As best he can recall, Universal Music executive Graham Parker was just looking for a Passover song on YouTube to play for his kids. That’s how he stumbled across Belzer hasid Shulem Lemmer’s a cappella rendition of the traditional ditty “Chad Gadya.”
Parker was immediately hooked. “This guy really knows what he’s doing with his voice,” he remembers thinking. “I was just flabbergasted by him.”
At the time, Parker was the manager of WQXR, New York’s esteemed classical radio station. He soon became something of a Shulem superfan. “I was honestly a little obsessed with Shulem,” he said. “I just was like, who is this guy?”
He began by investigating the “Chad Gadya” video. “It took me ages to figure out: Where was this shot? It’s not in Israel because the Coke bottles are in English, so it’s somewhere in America. It’s clearly not a religious event because they’re filming it. So what is this?” When Parker arrived at Universal Music some time later to oversee their classical labels in America, he would finally find out.
Among other responsibilities at Universal, Parker was tasked with assembling his own roster of artists under a new label, Decca Gold. He immediately thought of Shulem, the Belzer hasid he had never met. “I had a meeting with our chairman where I mentioned the idea,” Parker recalled. “I said, ‘I’m looking at this guy,’ and he said, ‘What are you doing sitting here? Go reach out to him.'”
Parker sent Lemmer an inquiry through his personal website, and offered to come all the way from California to meet him. Lemmer, for his part, says he first thought “it was a joke.” But they agreed and set a date in Brooklyn.
Lemmer, as Parker would discover, is a 28-year-old Belzer hasid who lives in Toms River, New Jersey. By day, he works in marketing for a startup. By night, he sings at weddings, concerts, and other festive Jewish occasions, in addition to building his burgeoning recording career. When we spoke, he had recently returned from performing in Krakow.
At their first meeting, Parker opened with his most pressing concern about the potential project: “Shulem,” he asked, “do you ever sing in English?” After all this time, Parker had only seen Lemmer perform in Hebrew and Yiddish on YouTube, which would not be sufficient for a Universal album. To his relief, Lemmer responded in the affirmative.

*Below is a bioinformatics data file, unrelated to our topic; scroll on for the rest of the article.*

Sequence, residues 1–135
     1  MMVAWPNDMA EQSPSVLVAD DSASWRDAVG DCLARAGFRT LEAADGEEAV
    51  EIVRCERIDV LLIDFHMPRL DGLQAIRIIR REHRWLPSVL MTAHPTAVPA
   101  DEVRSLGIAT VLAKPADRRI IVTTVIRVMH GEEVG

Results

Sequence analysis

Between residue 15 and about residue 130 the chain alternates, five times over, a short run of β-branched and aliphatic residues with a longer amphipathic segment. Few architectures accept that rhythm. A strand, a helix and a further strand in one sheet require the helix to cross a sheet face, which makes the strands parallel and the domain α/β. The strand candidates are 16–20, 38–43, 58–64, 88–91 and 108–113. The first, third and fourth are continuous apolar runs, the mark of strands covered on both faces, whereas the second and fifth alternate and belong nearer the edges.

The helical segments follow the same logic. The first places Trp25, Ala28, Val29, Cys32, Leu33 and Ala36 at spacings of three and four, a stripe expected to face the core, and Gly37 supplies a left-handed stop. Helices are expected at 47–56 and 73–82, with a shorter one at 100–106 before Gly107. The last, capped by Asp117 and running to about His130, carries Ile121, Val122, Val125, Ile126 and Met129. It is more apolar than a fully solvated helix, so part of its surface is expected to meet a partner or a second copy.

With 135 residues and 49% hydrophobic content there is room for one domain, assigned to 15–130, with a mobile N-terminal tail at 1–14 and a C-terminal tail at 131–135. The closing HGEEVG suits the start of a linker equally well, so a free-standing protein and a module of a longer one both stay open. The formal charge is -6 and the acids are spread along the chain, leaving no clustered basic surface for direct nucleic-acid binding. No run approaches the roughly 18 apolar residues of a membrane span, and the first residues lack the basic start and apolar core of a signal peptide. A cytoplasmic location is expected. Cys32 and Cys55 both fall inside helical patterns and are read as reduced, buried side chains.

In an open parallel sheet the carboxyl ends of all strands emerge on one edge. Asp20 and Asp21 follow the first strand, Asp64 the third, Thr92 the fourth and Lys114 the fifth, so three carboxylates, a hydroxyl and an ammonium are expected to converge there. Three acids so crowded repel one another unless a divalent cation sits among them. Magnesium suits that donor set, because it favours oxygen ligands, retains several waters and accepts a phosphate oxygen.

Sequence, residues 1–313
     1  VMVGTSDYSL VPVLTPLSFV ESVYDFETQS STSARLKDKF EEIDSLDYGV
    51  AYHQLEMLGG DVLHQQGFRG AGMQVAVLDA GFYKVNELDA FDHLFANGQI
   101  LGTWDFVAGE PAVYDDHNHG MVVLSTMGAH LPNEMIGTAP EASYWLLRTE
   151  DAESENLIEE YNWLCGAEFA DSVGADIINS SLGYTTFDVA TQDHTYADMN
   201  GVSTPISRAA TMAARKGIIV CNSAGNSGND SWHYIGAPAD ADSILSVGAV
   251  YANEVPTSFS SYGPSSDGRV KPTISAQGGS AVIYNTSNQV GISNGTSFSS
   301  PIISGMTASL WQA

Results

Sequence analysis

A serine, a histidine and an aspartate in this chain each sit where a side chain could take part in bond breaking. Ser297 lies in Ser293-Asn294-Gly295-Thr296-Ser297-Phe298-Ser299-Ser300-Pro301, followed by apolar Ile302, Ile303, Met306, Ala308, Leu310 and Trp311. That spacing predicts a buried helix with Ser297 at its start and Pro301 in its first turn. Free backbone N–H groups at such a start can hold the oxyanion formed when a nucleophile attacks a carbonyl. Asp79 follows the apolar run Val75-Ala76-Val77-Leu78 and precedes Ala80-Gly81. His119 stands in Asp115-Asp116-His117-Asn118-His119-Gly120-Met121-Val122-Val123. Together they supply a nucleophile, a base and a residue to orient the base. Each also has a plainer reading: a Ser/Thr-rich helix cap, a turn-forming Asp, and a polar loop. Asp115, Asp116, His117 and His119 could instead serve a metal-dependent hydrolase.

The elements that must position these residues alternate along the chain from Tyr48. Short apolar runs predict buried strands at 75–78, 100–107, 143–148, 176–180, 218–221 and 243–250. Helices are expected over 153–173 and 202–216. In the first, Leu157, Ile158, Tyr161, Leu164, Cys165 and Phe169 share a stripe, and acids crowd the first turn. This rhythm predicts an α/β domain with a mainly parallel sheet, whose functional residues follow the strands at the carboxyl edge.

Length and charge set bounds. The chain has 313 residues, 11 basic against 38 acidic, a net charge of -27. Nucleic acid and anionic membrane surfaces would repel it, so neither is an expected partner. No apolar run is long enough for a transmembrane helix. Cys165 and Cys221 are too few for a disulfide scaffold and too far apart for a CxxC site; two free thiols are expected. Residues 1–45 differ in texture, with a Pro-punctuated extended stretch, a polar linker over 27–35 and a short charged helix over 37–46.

“His influences were candidly a little broader than I had initially realized,” said Parker. “He actually knew contemporary artists. He had listened to a lot of different music.” In fact, Lemmer cited to me a wide array of influences from chazzanut and cantorial music to Billy Joel and Pavarotti. “Music,” he explained, “is a universal language.” That’s more than a cliché to Lemmer: It’s why his music is able to reach across cultural divides and touch people of diverse faiths and backgrounds, from his own Belz hasidic community to African-American churchgoers who follow his work online. (Indeed, YouTube videos of his performances routinely receive many positive comments from gentile listeners moved by his voice.)
That first meeting in Borough Park ultimately sealed the deal. “I had him come in to meet the team and we made the decision to offer him a record contract,” said Parker.
So how did that unusual ‘Chad Gadya’ video come about? “It was sefirah,” said Lemmer—that is, the time between Passover and Shavuot when religious Jews eschew live music—”and so we just had microphones” to sing a cappella. When the video of the performance first appeared, Lemmer was worried about its quality, and the fact that he felt he hadn’t fully mastered the whole melody. “I’m a perfectionist,” he explained. Of course, the video has since received over a million combined views on Facebook and YouTube.
Fast forward to this past week, and Universal released Shulem’s first singles off his upcoming album: renditions of Naomi Shemer’s Hebrew classic “Jerusalem of Gold” and Les Miserables’ “Bring Him Home.” He is accompanied by the Royal Philharmonic.
The planned album will feature classic covers like Louis Armstrong’s “What a Wonderful World,” plus an original title track. Music videos of Shulem singing both of the new tracks are set to be released in the coming weeks.
Can Lemmer generate serious crossover appeal without alienating more traditional religious listeners? Will he be the Matisyahu for the Josh Groban crowd? Parker believes he has that potential. “I genuinely see him as immensely talented and it would be amazing if Shulem becomes a major crossover artist,” he told me. “He deserves it. And I think it would do a lot to bridge issues within the Jewish community between Hasidism and Reform and Orthodoxy, where there are so many tensions.”
“This is a big experiment, but it could be something,” he said. “That’s why I decided to take the risk. If I was going to try it, I was going to try it with him.”